x ( %stories that cause user to open Facebook app )
x ( #click ads / story )
x ( CTR )
x ( \$CPC )
x ( #weeks / year )

Here’s an explanation for these equations:

• There is a number for Facebook’s mobile daily active users (DAU).
• A percentage of these users use Stories (%Stories users).
• Of these Stories users, a percentage creates stories (%creators).
• These creators produce some number of stories per week (#stories/week).
• And, only a percentage of these stories cause other users to reopen the Facebook app (%stories that cause a user to open the Facebook app).
• A number of impressions are displayed when the users re-opens the Facebook app to view a story (#impressions/story).
• Each impression generates CPM/1000 of dollars.
• And, since we are calculating revenue for a year, we multiply by the number of weeks in a year.
• To calculate revenue from click-ads due to Stories, we can use the same equation except we replace the number of impressions with the number of click ads. And, replace CPM/1000 with CTR x CPC.

Let’s move on to the equation for Facebook Live.

= ( DAU )
x ( %video users )
x ( #minutes / day )
x ( #video ads / min )
x ( #days / year )

Let me explain the equation in more detail.

• A percentage of daily active users (DAU) of Facebook mobile app watch live videos(DAU) x (% video users).
• These live video watchers watch some minutes a day (#minutes/day)
• During these watch minutes viewers are exposed to a number of video ads (#video ads/min).
• We multiply by the number of days in a year to get the total ad revenue per year.

Ok. Let’s move on to the equations for Marketplace.

While using Marketplace, a user does not see ads. But, ads are shown to users when they log into facebook and access Marketplace. And, perhaps after using Marketplace, they might stay to read their newsfeed. So, ad revenue attributed to Marketplace can come from these instances.

In these situation, I will use these two equations to estimate ad revenue from impressions and click ads.

= ( DAU )
x ( #Facebook sessions / day )
x ( %sessions started due to Marketplace )
x ( #impressions / session )
x ( \$CPM / 1000 )
x ( #days / year )

= ( DAU )
x ( #Facebook sessions / day )
x ( %sessions started due to Marketplace )
x ( #click ads / session )
x ( CTR )
x ( \$CPC )
x ( #days / year )

The details for ad revenue from impressions are:

• Daily active users (DAU) start a number of session per day (DAU) x (#Facebook sessions/day).
• Of these sessions, only a percentage are started by users searching in Marketplace (%sessions started due to Marketplace).
• During each session the user is exposed to a number of impression ads (#impressions/session).
• The cost-per-thousand impressions charged to advertisers is CPM, so the cost for each impression is (CPM/1000).
• To get an estimate for the entire year, we multiply by the number of days in a year.

We can use the same equation to estimate click ad revenue for Marketplace, except we replace (#impressions/session) x (\$CPM/1000) with (#click ads/session) x (CTR) x (\$CPC).

Now, I will make some assumptions to replace the terms with numerical values.

(The interviewee creates a two column table. The column on the left is to state assumptions and known facts. The right-hand column is to show how to apply these assumptions and facts to the calculations.)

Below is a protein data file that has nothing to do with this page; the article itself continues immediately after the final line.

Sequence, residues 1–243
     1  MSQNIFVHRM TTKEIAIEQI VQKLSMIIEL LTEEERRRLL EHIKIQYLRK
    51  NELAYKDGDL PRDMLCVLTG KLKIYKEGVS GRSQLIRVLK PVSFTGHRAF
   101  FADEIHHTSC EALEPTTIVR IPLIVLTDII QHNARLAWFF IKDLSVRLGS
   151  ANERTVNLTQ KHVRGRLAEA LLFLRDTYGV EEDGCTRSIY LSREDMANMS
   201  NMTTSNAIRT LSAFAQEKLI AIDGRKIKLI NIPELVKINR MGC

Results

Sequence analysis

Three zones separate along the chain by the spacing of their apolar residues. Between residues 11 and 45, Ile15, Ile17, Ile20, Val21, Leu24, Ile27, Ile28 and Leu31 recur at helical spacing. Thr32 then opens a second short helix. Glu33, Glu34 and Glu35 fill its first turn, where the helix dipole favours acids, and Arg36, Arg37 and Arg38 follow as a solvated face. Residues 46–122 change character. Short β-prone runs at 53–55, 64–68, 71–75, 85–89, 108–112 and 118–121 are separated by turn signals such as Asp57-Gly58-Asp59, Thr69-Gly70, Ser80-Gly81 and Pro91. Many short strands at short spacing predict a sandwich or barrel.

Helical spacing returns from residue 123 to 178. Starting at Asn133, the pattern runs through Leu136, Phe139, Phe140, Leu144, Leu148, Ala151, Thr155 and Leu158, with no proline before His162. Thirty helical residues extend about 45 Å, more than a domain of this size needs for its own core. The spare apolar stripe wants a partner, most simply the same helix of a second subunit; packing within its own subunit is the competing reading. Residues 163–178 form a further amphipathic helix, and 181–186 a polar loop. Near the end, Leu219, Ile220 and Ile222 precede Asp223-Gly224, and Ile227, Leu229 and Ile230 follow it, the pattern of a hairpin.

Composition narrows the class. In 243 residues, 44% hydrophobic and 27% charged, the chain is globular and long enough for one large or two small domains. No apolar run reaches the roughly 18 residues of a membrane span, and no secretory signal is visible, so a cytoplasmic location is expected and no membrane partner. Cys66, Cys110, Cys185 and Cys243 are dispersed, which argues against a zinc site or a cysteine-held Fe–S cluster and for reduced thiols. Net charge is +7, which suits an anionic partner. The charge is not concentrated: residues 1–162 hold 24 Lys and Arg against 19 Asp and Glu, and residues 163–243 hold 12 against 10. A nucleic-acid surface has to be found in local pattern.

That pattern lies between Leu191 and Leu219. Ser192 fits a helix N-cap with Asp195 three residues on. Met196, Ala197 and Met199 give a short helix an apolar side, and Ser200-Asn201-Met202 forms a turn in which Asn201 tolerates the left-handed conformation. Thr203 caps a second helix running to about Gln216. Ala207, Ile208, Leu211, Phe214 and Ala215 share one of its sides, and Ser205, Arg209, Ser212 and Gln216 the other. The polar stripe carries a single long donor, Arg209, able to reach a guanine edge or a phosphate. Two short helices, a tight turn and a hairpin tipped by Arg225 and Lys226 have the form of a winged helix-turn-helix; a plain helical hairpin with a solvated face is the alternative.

So, it looks like Stories would bring in \$127M, Facebook Live \$3.6B, and Marketplace \$216M.

Now, let’s look at the cost of developing these platform features to complete our cost benefit analysis.

I will use the cost of engineering labor as a proxy. Of the three platform features, I think Marketplace is the easiest to develop and maintain. Marketplace requires uploading and storing static photos, presenting product information, and enabling users to message sellers about the products they are interested in. There is no video streaming involved, nor functions to transact purchases. So, I would guess that it takes a team of five engineers to build and maintain. Assuming that each engineer’s salary is about \$200K a year, that means Marketplace costs \$1M a year.

Between Facebook Live and Stories, I think Stories is less complexed to develop and maintain. It involves uploading videos, sharing, annotation, and notifications but no live streaming like Facebook Live. Stories are viewed asynchronously. So, I am going to guess that it takes a team of 10 engineers to build and maintain which is 10 x \$200K for a total cost of \$2M a year.

The real-time nature of Facebook Live makes the engineering requirements more challenging. Facebook Live needs broad and fast network bandwidth, optimized frame buffering, and be synchronous with various functions like audio and feed conversations. So, I am going to estimate that it takes a team of 30 engineers to maintain Facebook Live which is 30 X \$200K for a total cost of \$6M a year.

Now, let’s compare these three initiatives with their benefits and costs with an ROI metric or benefits/cost ratio.

Facebook Live is the platform feature with the highest ROI and would be the one I would select to build. But, we also need to check if this option is likely to meet the mandated OKR. The OKR was to increase ad revenue by 10% YoY. Given that Facebook mobile revenue is expected to be about \$30B in 2017, then \$3B (10% of \$30B) would be the desired incremental revenue. We estimated \$3.6B for Facebook Live ad revenue which is \$600M more than the expected 10% YoY incremental desired ad revenue. This result favors Facebook Live.

The next step is to start working on the product features for the Facebook Live offering. As I mentioned before, this entails thinking about user needs, creating user stories, and prioritizing them. Would you like me to demonstrate how I would do this for the Facebook Live offering?

INTERVIEWER: No, we are running out of time. However, could you summarize your analysis to wrap up?

INTERVIEWEE: In summary, I explained my process for prioritizing features. It starts with OKRs, and is followed by listing initiatives that are aligned with the OKRs, prioritizing these initiatives based on benefit vs. cost or ROI, listing features for the winning initiative, grouping features into themes, and finally prioritizing features using a scorecard system. I applied this process to the prioritization of three Facebook platform features: Stories, Facebook Live and Marketplace. In this example, these platform features are product initiatives, so I prioritized them as such. In this example, Facebook Live was the winning option with an ROI that was multiple times better than Stories and Marketplace. Therefore, my recommendation would be to build Facebook Live first.

# StellarPeers

To learn more about product management interview questions and to find practice partners, visit us at StellarPeers.com.

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## StellarPeers

#### StellarPeers is a community platform that helps professionals prepare for product management interviews.